South Africa Minister Reiterates No Bribe Paid To FIFA
South Africa’s Sport and Recreation Minister Fikile Mbalula says he is outraged by continued media reports claiming that South Africa paid a $10 million bribe to secure the rights to host the 2010 FIFA World Cup.
This comes after Sunday papers alleged that Port Elizabeth Mayor and South African Football Association (Safa) President Danny Jordaan confirmed that the Local Organising Committee made a payment of $10 million in 2008, but insisted it was not a bribe.
“We remain concerned at the ongoing media speculation which only plays into the hands of those whose objective is to tarnish the good name and integrity of our country.
“We reject these falsehoods with the contempt they deserve. As a government and people of South Africa we are enjoined to combat such propaganda against our country.
“Any inferences drawn from the statements attributed to Dr Danny Jordaan which seeks to insinuate that our position is contradictory is therefore not only misleading but mischievous at best.
“We reaffirm our position that no public funds have been utilised to pay any bribe or to commit any unlawful acts,” he said.
The Sunday papers quoted Jordaan as saying: “The payment was South Africa’s contribution towards Confederation of North, Central American and Caribbean Association Football’s (CONCACAF) football development fund”.
Minister Mbalula reiterated that the South African government and the Local Organising Committee have not expended any public funds in the amount of $10 million towards bribery of anyone to secure the rights to host the 2010 FIFA World Cup.
“Accordingly, we appeal to all our people, media included to desist from speculating on names of individuals who may or may not be implicated in the allegations.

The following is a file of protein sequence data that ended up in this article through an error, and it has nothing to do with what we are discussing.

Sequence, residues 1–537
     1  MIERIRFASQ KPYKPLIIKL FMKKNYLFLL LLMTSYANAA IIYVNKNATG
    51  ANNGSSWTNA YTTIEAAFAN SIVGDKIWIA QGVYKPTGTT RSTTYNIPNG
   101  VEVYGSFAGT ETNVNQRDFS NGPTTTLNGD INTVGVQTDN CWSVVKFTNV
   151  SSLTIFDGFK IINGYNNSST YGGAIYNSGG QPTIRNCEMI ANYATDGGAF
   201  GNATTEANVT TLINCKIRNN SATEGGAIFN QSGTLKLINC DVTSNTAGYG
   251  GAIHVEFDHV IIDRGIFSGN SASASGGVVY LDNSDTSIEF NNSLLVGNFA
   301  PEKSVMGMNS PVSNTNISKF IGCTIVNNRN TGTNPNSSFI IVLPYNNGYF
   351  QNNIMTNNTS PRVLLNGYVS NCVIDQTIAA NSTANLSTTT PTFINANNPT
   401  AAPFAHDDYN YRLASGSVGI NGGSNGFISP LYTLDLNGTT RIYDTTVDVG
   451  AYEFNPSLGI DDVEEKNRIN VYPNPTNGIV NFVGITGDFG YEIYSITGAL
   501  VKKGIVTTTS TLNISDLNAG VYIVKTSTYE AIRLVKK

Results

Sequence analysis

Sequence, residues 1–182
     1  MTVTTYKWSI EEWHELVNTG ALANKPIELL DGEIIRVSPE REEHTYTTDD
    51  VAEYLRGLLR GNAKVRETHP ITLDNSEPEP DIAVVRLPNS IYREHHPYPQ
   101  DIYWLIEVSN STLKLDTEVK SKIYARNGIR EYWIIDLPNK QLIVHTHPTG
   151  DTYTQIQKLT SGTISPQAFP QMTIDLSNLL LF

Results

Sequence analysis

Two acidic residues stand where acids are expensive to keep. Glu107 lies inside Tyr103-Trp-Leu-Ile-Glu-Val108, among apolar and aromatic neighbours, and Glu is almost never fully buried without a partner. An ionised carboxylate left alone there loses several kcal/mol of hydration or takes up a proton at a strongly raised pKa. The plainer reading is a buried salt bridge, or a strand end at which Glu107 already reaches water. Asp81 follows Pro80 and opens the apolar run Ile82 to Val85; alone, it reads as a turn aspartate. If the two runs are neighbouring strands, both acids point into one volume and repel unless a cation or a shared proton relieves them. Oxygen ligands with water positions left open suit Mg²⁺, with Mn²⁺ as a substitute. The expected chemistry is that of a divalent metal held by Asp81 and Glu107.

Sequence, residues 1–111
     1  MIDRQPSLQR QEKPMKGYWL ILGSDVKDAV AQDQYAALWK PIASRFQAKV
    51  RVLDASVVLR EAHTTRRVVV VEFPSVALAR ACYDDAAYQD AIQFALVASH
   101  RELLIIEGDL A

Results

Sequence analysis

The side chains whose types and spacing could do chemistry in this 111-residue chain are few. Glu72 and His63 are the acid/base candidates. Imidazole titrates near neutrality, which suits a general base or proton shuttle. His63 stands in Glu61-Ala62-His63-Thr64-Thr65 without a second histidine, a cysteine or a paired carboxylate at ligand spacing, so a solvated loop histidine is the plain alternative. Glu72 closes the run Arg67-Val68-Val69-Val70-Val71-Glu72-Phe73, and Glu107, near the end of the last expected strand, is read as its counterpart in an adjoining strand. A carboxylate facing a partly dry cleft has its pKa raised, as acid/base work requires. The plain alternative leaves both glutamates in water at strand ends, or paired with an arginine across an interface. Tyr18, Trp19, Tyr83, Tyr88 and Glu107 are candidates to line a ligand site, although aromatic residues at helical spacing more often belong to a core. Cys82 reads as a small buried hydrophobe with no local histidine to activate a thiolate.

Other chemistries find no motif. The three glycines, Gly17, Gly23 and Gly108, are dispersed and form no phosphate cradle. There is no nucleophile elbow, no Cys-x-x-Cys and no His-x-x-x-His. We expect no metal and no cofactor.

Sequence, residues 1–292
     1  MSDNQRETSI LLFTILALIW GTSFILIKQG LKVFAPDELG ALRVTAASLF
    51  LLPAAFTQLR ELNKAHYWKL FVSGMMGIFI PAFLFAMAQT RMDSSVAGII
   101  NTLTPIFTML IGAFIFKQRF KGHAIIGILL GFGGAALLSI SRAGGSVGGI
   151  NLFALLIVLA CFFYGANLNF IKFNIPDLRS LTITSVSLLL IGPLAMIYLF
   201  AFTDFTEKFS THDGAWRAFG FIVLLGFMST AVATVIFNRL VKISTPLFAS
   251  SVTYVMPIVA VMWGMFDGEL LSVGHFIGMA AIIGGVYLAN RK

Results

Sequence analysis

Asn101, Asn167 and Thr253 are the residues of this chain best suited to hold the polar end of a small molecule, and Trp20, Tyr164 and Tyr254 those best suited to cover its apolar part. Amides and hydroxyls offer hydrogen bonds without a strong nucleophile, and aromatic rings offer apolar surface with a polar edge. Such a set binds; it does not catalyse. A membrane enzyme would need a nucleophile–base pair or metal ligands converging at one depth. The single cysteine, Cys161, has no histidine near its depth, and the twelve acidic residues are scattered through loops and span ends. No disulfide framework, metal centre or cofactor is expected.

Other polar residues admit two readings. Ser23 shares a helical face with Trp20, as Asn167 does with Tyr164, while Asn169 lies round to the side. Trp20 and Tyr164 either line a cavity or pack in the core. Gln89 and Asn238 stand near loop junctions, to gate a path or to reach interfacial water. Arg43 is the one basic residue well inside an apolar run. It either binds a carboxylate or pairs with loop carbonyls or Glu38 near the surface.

“Equally, we call on all those involved in the bidding and hosting of the 2010 FIFA World Cup to avoid expressing comments that can only play into the hands of those who seek to perpetuate negative stereotypes against South Africa in particular and Africa in general.
“Whatever the motive of those involved, nothing can detract from the fact that the hosting by South Africa of the 2010 FIFA World Cup, the first on the African continent, remains one of the most beautiful spectacles and successful tournaments the world has ever witnessed in FIFA’s history,” he said.
The Minister further said: “We frown upon any insinuations made in the indictment by the United States of America authorities that suggest that the South African government or any of its citizens have been involved in any wrongdoing without substantiating the allegations, let alone naming the alleged co-conspirators.
“We refuse to allow the reputation of our Republic to be tarnished unduly without affording the Republic and its citizens an opportunity to respond to any allegations made. We view this as an attack on our sovereignty,” he said.
Two separate investigations are being carried out by the American and Swiss authorities for alleged rampant and long-running corruption within FIFA, with several top officials arrested and accused by US investigators of taking tens of millions of dollars in bribes.